The death of Iran’s president would spark a high-stakes power struggle

The death of Iran’s president would spark a high-stakes power struggle
The death of Iran’s president would spark a high-stakes power struggle

THREE YEARS ago, when Ebrahim Raisi won the presidency in a rigged election, some Iranians thought it was a stepping stone to a bigger position. Ali Khamenei, the aging, ailing supreme leader, did not have long to live; when he died, Mr Raisi would surely aim to replace him. But history has a sense of irony. Instead of catapulting him to the top job, winning the presidency may have cost Mr Raisi his life.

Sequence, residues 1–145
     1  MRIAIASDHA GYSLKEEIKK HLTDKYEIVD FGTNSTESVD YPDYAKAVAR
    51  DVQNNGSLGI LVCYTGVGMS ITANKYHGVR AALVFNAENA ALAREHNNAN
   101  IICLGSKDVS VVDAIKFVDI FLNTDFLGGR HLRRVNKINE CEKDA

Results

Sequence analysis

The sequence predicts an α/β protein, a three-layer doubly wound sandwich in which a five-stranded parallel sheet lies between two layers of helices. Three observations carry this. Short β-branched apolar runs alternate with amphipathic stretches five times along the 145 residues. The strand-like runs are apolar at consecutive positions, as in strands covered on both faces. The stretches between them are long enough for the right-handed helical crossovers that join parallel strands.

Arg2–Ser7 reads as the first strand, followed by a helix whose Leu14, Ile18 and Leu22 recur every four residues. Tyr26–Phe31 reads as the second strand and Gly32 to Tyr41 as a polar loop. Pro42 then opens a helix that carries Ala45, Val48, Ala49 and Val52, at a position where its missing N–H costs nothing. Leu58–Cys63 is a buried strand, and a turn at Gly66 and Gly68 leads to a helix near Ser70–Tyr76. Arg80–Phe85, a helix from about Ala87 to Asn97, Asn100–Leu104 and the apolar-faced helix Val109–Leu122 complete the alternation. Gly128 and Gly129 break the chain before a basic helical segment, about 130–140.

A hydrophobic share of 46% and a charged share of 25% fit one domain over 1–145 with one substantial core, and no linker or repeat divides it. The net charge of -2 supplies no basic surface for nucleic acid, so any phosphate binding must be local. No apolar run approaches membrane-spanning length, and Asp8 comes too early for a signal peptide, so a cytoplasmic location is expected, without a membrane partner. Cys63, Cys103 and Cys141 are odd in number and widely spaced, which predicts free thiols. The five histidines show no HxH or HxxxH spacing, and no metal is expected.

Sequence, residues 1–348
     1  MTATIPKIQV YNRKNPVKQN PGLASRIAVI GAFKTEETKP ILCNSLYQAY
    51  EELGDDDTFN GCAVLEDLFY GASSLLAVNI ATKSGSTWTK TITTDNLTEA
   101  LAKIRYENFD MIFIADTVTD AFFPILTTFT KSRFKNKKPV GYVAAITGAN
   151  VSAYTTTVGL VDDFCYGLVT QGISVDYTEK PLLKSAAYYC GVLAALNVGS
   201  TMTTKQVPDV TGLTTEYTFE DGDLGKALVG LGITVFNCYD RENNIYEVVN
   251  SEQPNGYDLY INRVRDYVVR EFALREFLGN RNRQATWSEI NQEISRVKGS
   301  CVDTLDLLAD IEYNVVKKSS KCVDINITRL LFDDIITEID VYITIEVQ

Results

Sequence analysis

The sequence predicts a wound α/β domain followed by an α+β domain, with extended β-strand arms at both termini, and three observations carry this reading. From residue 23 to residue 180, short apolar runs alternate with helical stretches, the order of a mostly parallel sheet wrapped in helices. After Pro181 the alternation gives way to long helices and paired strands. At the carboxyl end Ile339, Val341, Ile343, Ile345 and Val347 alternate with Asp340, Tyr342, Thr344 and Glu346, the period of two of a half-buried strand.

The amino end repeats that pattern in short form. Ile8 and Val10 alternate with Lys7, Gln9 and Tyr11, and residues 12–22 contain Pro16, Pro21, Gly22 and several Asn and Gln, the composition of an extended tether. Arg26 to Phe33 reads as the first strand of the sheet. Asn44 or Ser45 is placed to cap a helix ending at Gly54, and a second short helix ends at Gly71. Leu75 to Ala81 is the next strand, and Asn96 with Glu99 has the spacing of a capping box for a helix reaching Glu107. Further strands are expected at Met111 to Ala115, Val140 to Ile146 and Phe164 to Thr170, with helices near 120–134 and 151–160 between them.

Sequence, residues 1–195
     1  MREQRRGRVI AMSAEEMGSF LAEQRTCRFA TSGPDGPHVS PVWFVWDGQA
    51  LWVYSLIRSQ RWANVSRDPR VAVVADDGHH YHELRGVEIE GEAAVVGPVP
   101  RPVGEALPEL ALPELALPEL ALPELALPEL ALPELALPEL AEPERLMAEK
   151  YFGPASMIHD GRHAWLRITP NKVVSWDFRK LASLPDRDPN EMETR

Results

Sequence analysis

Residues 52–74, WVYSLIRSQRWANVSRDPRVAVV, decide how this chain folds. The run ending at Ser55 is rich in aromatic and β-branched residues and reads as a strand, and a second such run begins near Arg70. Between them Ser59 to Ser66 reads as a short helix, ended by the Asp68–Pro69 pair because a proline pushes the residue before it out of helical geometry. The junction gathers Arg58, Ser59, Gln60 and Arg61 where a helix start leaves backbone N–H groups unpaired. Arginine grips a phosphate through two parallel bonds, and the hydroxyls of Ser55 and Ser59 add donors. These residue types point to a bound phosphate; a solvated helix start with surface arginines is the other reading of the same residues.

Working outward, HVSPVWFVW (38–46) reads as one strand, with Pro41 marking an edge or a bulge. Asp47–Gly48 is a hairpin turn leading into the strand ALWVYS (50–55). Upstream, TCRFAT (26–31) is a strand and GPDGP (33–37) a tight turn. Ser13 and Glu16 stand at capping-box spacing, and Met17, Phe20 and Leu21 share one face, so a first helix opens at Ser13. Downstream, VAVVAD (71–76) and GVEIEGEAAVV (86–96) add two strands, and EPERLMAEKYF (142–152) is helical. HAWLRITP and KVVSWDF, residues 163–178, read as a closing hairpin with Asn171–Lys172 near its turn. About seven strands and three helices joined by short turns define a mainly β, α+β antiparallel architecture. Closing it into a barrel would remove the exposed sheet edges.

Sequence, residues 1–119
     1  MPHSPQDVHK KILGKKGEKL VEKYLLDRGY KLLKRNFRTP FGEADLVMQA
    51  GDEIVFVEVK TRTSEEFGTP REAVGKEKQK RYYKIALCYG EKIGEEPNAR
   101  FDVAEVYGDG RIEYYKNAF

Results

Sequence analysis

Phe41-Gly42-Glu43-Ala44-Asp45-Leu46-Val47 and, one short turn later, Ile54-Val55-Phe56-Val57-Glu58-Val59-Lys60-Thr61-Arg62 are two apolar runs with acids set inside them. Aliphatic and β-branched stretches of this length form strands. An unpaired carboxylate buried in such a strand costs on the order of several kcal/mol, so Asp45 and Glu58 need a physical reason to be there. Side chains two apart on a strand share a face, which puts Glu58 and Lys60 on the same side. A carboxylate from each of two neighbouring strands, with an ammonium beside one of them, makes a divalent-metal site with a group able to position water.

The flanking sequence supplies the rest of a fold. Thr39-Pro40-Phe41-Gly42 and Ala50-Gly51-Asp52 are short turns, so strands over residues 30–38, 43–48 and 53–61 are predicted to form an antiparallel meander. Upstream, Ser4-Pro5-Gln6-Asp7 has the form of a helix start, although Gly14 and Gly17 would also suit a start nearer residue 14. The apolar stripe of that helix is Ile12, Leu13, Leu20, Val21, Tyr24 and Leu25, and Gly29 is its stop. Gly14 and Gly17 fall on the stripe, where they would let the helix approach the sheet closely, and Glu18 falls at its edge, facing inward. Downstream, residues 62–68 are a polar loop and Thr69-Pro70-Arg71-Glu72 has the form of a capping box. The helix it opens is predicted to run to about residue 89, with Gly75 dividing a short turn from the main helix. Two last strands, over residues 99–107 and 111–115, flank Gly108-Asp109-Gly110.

On May 19th he was returning from a visit to neighboring Azerbaijan, where he inaugurated a dam on the border. Authorities lost contact with his helicopter in a mountainous region about 95km (60 miles) north-east of Tabriz (see map). At first they insisted there was no cause for alarm: the president’s helicopter had made a “hard landing”, although, confusingly, several Iranian news agencies reported that he traveled onwards to Tabriz by car. Within hours, though, those reports had been deleted, and state television began to broadcast prayers for the president. Almost half a day after the crash Mr Raisi was still missing, in a remote area with overnight temperatures in the low single digits. It seems increasingly likely that Iran’s president is dead, along with the foreign minister, Hossein Amirabdollahian, who was traveling in the same helicopter.

 
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